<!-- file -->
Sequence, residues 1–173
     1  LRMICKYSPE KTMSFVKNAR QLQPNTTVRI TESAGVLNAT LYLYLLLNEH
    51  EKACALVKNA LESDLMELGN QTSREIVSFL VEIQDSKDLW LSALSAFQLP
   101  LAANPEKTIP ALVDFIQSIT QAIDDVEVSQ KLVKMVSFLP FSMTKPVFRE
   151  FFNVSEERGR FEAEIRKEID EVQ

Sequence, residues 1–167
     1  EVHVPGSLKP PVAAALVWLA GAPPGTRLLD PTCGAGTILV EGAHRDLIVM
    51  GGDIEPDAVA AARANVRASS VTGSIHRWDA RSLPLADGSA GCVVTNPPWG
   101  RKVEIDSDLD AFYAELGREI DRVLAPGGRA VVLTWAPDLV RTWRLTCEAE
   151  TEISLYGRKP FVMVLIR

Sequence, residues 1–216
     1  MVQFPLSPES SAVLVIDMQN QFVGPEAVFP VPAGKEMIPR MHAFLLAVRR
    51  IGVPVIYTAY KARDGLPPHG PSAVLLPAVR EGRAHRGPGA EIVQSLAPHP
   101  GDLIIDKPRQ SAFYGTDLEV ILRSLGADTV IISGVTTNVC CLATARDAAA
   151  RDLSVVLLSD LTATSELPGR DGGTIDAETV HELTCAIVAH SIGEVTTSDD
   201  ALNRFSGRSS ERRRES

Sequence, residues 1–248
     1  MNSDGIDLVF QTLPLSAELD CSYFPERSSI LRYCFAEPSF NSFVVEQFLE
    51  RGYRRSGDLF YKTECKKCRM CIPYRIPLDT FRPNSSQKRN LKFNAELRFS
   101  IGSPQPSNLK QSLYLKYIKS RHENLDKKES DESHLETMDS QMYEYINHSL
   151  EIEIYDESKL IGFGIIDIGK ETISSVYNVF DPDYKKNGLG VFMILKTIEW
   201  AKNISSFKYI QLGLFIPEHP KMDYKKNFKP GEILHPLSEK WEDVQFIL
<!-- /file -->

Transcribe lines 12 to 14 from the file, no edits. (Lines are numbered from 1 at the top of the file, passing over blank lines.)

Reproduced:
     1  MVQFPLSPES SAVLVIDMQN QFVGPEAVFP VPAGKEMIPR MHAFLLAVRR
    51  IGVPVIYTAY KARDGLPPHG PSAVLLPAVR EGRAHRGPGA EIVQSLAPHP
   101  GDLIIDKPRQ SAFYGTDLEV ILRSLGADTV IISGVTTNVC CLATARDAAA